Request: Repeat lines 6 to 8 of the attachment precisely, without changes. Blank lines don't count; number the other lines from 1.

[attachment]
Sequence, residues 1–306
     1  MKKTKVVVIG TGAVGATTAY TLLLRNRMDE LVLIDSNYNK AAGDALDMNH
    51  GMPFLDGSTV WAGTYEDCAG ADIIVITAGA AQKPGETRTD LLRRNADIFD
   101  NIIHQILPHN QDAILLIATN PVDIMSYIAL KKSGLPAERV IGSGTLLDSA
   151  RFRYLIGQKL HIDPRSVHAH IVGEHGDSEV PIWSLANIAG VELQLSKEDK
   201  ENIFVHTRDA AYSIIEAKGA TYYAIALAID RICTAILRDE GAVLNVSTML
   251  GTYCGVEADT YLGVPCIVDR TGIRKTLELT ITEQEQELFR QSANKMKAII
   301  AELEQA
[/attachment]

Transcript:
   201  ENIFVHTRDA AYSIIEAKGA TYYAIALAID RICTAILRDE GAVLNVSTML
   251  GTYCGVEADT YLGVPCIVDR TGIRKTLELT ITEQEQELFR QSANKMKAII
   301  AELEQA